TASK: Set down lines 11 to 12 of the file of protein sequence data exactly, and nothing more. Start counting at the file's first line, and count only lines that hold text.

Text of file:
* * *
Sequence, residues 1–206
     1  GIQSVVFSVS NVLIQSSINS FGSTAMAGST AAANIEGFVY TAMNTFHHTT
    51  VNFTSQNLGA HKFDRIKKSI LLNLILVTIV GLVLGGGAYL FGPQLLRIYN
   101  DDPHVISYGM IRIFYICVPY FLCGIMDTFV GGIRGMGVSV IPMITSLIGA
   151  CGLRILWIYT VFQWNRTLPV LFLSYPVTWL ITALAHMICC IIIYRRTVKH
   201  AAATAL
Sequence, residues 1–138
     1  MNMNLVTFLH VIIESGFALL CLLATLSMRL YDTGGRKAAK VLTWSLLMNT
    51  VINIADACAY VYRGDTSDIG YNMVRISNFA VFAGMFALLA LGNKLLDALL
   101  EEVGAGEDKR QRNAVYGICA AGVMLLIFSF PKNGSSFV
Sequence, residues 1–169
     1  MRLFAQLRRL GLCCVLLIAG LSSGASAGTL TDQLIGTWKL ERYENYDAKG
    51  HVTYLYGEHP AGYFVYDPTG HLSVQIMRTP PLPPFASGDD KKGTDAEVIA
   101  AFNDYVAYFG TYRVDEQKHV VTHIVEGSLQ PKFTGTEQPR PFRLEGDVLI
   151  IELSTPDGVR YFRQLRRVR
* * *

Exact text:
Sequence, residues 1–169
     1  MRLFAQLRRL GLCCVLLIAG LSSGASAGTL TDQLIGTWKL ERYENYDAKG